This is the Way

Passage: Matthew 7:12-14

Guide for Group Discussion or Personal Reflection

Sermon Summary

Towards the end of his Sermon on the Mount, Jesus describes two different “ways”, or paths that people might take as they approach life—a narrow way and a wide way.

One way of life feels natural and intuitive, and therefore “many” walk this way—it is “wide” and “easy”. There is another “way”, however, that feels “narrow” and “hard”, and Jesus says that comparatively “few” people find this way. Though it can be tempting to simply associate the “wide way” with loose living and the “narrow way” with a strict, moral approach to life, this is not what Jesus is talking about at all, nor would this be in keeping with the rest of the Sermon on the Mount. Jesus’ two “ways” in fact, can be seen throughout the Sermon on the Mount, though the contrasts that Jesus gives. The “narrow” way, which often feels constraining and counterintuitive, refers to the internal righteousness that comes from having a transformed heart, whereas the “wide” way, which feels more natural and intuitive, is the way of mere external righteousness—a righteousness that is done to earn God’s approval, and be seen by others. In the two ways, then, Jesus is not contrasting Christianity with loose living or atheism—he is contrasting true Christianity with the religion of the Pharisees.

Each way also leads to a natural end. The end of the wide way is “destruction” (7:13) whereas the end of the narrow way is “life” (7:14). Jesus is warning us, then, that our choices are actively taking us somewhere. Even before our destination of either destruction or life, we are becoming a certain kind of person, as our future destiny begins showing itself in our present. When we obey Jesus’ words in the Sermon on the Mount, it will often feel constraining at first, but such obedience will lead to life and freedom, both eternally and even in the present. When we disobey Jesus’ words, however, it may feel more natural at first, but it will increasingly bring death into our life.

Lastly, Jesus tells us to “enter by the narrow gate” (7:13). In the Gospels, Jesus calls himself the “gate”. Ultimately, it is only through a personal encounter with Jesus in his gospel that we can ever walk down the narrow path—Jesus can never be our example unless he is our Savior. Only a heart totally remade by the grace of Jesus will ever have the motivation and ability to walk on the narrow way. But praise God—our faithful Savior goes before us and has walked this way first!

Sermon Outline:

  • The Nature of the Two Ways (7:12-14)
  • The End of the Two Ways (7:13-14)
  • The Entryway (7:14)

Group Discussion & Personal Reflection Guide

Re-read the passage(s): Matthew 7:12-14

The Nature of the Two Ways (7:12-14)

1) Re-read Matthew 7:12-14 and meditate on these verses together. Consider:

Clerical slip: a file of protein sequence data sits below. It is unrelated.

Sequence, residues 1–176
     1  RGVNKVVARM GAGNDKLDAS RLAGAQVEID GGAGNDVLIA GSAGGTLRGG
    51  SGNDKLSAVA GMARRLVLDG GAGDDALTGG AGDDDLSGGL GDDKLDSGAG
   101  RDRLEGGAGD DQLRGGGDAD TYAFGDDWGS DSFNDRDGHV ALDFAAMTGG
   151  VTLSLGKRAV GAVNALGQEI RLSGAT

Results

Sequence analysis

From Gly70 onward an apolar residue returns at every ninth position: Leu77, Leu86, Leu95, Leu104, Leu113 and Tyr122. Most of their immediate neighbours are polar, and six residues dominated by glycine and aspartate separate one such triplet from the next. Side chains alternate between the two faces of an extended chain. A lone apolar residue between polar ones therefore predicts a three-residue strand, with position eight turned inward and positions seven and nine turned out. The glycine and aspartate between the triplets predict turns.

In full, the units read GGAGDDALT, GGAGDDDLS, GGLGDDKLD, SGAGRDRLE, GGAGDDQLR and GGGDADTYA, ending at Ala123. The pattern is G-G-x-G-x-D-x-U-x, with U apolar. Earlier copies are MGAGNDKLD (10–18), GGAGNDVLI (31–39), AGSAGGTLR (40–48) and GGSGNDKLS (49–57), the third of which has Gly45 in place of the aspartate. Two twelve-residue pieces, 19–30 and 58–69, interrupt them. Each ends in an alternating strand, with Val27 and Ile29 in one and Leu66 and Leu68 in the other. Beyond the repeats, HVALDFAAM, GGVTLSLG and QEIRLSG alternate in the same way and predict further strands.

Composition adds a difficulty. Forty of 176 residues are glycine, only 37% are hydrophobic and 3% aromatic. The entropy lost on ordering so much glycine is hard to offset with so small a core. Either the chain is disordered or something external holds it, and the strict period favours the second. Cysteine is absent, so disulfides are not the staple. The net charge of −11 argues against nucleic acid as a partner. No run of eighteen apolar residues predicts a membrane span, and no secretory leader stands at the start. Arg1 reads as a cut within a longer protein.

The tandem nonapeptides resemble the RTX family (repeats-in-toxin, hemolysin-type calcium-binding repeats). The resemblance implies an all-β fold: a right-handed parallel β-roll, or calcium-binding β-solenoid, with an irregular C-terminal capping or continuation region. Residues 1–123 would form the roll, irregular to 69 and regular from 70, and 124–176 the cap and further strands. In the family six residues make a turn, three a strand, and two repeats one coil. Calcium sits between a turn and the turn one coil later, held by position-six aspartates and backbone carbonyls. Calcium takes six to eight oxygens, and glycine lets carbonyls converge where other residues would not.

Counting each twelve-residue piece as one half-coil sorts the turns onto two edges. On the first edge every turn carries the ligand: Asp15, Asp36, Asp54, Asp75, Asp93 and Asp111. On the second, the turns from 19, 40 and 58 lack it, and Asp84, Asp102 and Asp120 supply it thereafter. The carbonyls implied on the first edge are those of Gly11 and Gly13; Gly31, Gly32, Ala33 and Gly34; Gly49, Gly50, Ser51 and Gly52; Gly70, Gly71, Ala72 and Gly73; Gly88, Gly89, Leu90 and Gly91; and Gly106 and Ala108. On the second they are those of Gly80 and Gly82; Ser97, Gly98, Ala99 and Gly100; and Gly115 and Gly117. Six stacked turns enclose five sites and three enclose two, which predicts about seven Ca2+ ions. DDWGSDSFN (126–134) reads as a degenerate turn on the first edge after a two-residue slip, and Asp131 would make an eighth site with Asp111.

• How easy is it to “do for others whatever we wish they would do for us”?
• What are the various ways that Jesus contrasts the two different paths or ways?
• What does the narrow way represent? What does the wide way represent? What does the narrow gate represent? What does the wide gate represent?

2) In the sermon, Pastor Bobby described the “narrow” way as referring to the life that pursues the true internal righteousness which Jesus describes throughout the Sermon on the Mount, and said that this way of life often feels difficult and counterintuitive—i.e. it doesn’t feel “natural”. Look back over the Sermon on the Mount…which section(s) of Jesus’ teaching feels particularly counterintuitive, or “unnatural” to you? Why?

3) Jesus says that outward moralism/Phariseeism—which appears to be stringent—is, in reality, an “easy” way of life. This may sound counterintuitive or surprising to some. In what ways is living like a Pharisee actually “easy”?

4) Think of an area of your life where you are being challenged to obey Jesus right now. What would it look like to walk on the “wide path” in this area of your life? What would it look like to follow Jesus on the “narrow path” in this area?

5) In the sermon, Pastor Bobby said that our culture puts a strong emphasis on doing what feels “natural” and intuitive to us. What are the downsides of this emphasis? How do Jesus’ words in Matthew 7:13-14 challenge this cultural value? How, if at all, should this impact the way we disciple people?

The End of the Two Ways (7:13-14)

6) In the sermon, Pastor Bobby said that not only does each path lead to either “life” or “destruction” as a final destination, but that elements of this life or destruction often begin to show up even in our present life—we increasingly “become what we are” as the sum of our choices. Is there an area of your life where you’ve experienced “destruction” (a lack of life/flourishing), as a result of walking on the wide and easy path? Is there somewhere where you’ve taken the “easy” road for a long time, and are experiencing the consequences now? What might it look like to repent, and change directions in this area of life?

The Entryway (7:14)

7) Re-read Matthew 7:13, and also John 10:9-10, where Jesus calls himself the “gate”. In what sense is Jesus the “gate” to the road that leads to life? In what sense is he a “narrow” gate (entryway)?

8) What happens when people try to walk on the narrow path without having first entered through the narrow gate? What kind of frustrations does this bring?

9) How does a genuine encounter with Jesus in the gospel (“entering by the narrow gate”) transform us into the kind of people who are able to walk on the narrow way?

Additional Application Questions

Q) How else would you like to engage with God this week?
Q) How can you tangibly care for those in your community this week, both inside and outside of the church?


Spend time praying for yourselves, our church community, the North Shore community, and our nation and world—particularly those most vulnerable.